Nothing is normal and yet everything is the same. I am sitting on the corner of Pham Ngu Lao and De Tham in District 1, Ho Chi Minh City. This is the heart of what is known as the tourist area. Across from me is a 7 story white building. It houses Highlands coffee on the corner, Liberty 3 hotel is next door, but the Vietnamese name is Que Huong. Although the hotel and coffee shop share a building, the two businesses are nothing alike (except for their potential clientele. Both businesses have large plate glass windows that stretch from floor to ceiling. Inside the Highlands, you can see the people drinking overpriced coffee; a relic of the western world. While just outside one of the many windows, a cafe vendor has set up shop. She sells Cafe sua da (Vietnamese iced coffee with sweetened condensed milk to provide the cream and the sugar that a nice iced coffee requires. Her prices are 15,000 vnd = about $0.75 usd for a tall glass of the chocolaty goodness. While her, and I hesitate to say this, competitor, Highlands, sells and iced coffee for 90,000 vnd (about $4.50 usd).
Under normal circumstances, I would not think twice about the sub $5 dollar cup of joe from the chain store. In fact, I have probably spent of year of my life sitting in or in front of Starbucks. Or waiting in line for that morning caramel macchiato that would fuel my daily jaunt to the offices of Merrill Lynch or AXA. How times change. I cannot imagine paying that price for a coffee these days. The quality used to be something I craved. But now I find the Cafe Sua Da to be a much more enjoyable and refreshing treat. It helps that at $.75 I could drink 5 of them and still spend less than I used to spend without a blink back in Charlotte.
Yet, Highlands is full of customers. Some are tourist who have just arrived in Vietnam and don't yet have a connection to the Vietnamese coffee tradition (I should mention that Vietnam is the second largest exporter of coffee beans next to Brazil). Others are Vietnamese professionals who have decided to throw off the yoke of tradition and strive for some western ideal. And then there is the third category of patron. The ones seeking an air-conditioned escape from the heat that persists in Ho Chi Minh City. This city is hot. There is a saying in HCM: We have to seasons, hot and hot and wet. I suppose it is not really a saying and more a statement of fact. There is no spring, the leaves never change colors to usher in the entre of fall, and birds don't migrate here. Everything is the same, year round. Well, almost the same.
Currently we are in the thick of the rainy season: the hot and wet. In the morning at around 5 am, the sun emerges from its nightly slumber like venomous snake, lying in wait, pounces on a meandering field mouse. The attack is sudden and deadly. HCMC goes from still night to burning city in a matter of seconds. Just as the year as no cooling off and warming periods, the days are the same. The transition from night to full on sun is as swift as a single breeze in a grove of barren trees. There is nothing to notice except for the faint thought that it could be different.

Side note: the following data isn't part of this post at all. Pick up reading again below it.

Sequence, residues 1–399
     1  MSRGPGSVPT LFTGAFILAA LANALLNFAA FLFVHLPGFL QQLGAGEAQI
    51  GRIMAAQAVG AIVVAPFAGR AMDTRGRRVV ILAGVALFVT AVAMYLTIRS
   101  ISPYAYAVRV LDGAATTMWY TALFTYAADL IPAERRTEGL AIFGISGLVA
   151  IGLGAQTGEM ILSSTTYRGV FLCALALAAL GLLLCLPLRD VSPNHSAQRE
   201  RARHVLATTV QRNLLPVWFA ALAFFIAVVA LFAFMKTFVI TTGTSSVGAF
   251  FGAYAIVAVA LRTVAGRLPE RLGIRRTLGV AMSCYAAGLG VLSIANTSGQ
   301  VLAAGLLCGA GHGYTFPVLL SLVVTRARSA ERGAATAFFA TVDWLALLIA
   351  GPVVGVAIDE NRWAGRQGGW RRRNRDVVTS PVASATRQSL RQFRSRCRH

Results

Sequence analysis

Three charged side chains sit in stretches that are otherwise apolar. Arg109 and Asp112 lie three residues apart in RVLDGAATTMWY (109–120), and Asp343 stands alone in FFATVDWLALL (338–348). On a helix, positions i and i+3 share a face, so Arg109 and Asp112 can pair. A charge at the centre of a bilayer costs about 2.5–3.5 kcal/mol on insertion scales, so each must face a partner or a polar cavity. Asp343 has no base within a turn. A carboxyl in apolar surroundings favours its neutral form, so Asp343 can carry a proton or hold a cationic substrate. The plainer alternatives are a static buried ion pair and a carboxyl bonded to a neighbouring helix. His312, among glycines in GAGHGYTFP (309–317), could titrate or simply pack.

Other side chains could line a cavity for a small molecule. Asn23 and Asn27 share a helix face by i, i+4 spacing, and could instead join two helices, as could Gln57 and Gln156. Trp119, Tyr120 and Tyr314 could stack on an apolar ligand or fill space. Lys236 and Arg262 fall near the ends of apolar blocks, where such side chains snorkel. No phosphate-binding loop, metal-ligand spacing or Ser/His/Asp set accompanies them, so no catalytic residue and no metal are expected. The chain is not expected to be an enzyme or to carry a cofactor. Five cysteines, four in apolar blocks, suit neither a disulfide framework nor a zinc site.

Looking across at the hotel, I am reminded of the city streets of New York. Fancy furniture is positioned in the windows. The kind of furniture that looks nice, but that probably offers much less comfort than the wall and grassy hill I currently occupy. There is low mood lighting and the staff are dressed in their best unisex fashion. It reminds me that I need to tell you about the Vietnamese love for uniforms. I shall get to that soon, but not now.
The final business in this building is the DONGA Bank. I have no idea what that means, but the name is decidedly not Vietnamese. It is more Korean than anything else. In Korea, Dong means neighborhood or district. And I will let you decide what it means back in the States. But for now, it means "the only blue sign on this city block - another thing I failed to mention is that this building is the width of a small city block. On one side is De Tham Street, and on the other side is a nameless alleyway. It might be 185 Pham Ngu Lao but I don't want to bother to walk across the road to find out. It is like most alleys in HCMC. The road takes on the address of one place. Then each business along the strip is numbered. 185/1, 185/3, 185/5 and so on. If my memory serves me correctly, there are about 30 or so shops, restaurants, and hotels on each side of the alley. And the other side is just as busy. All of this condensed into 185 Pham Ngu Lao. This is Ho Chi Minh City. Business and commerce thrive at every turn.
Trying to describe this scene makes me feel small. This is a city of over 8 million people and I am looking at one small city block, in one district. I can see 15 Vina Sun taxi minivans, one #3 city bus, the number 50 city bus (which is much bigger and looks a lot nicer tan it's green and white cousin. There are at least 300 people within my vision, maybe 400. And finally I can see no less than 200 motorbikes. Throw in some backpackers, an large orange Thuong Trang Hyundai tourist bus, 10 guys offering xe om -motorbike taxi- rides, 3 cigarette carts, 4 fruit vendors, a woman selling books, a guy with 3 large 5 gallon size water jugs on his scooter, a cyclo driver with a commercial vacuum and attachments in his cart, a pimp in all black with a black suede had on an old blue girl's ten speed bicycle, 40 miles of power lines double and redouble in a one block radius, a puppy, 2 guys selling sunglasses (they carry large particle board displays with 50 pairs of sunglasses attached), a few women in pajamas, a girl of about 4 years old in a ballet outfit, her mother in a dress so tight that I can see what she intends to have for dinner - and on and on.
I am going to pause and see how she manages to get into a taxi without tearing her dress.